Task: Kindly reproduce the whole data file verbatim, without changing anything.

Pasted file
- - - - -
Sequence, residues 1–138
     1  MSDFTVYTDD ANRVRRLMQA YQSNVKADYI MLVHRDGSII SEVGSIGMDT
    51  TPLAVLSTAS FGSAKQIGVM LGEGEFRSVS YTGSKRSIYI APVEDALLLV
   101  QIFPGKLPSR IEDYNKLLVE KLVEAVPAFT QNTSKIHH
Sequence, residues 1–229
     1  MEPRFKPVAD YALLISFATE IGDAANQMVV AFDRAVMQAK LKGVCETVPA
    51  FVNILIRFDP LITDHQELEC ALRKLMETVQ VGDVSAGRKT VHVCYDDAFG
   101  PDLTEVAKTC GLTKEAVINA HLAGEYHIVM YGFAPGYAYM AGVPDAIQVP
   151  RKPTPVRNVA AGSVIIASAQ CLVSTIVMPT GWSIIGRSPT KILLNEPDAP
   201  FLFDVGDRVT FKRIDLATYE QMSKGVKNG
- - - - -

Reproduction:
Sequence, residues 1–138
     1  MSDFTVYTDD ANRVRRLMQA YQSNVKADYI MLVHRDGSII SEVGSIGMDT
    51  TPLAVLSTAS FGSAKQIGVM LGEGEFRSVS YTGSKRSIYI APVEDALLLV
   101  QIFPGKLPSR IEDYNKLLVE KLVEAVPAFT QNTSKIHH
Sequence, residues 1–229
     1  MEPRFKPVAD YALLISFATE IGDAANQMVV AFDRAVMQAK LKGVCETVPA
    51  FVNILIRFDP LITDHQELEC ALRKLMETVQ VGDVSAGRKT VHVCYDDAFG
   101  PDLTEVAKTC GLTKEAVINA HLAGEYHIVM YGFAPGYAYM AGVPDAIQVP
   151  RKPTPVRNVA AGSVIIASAQ CLVSTIVMPT GWSIIGRSPT KILLNEPDAP
   201  FLFDVGDRVT FKRIDLATYE QMSKGVKNG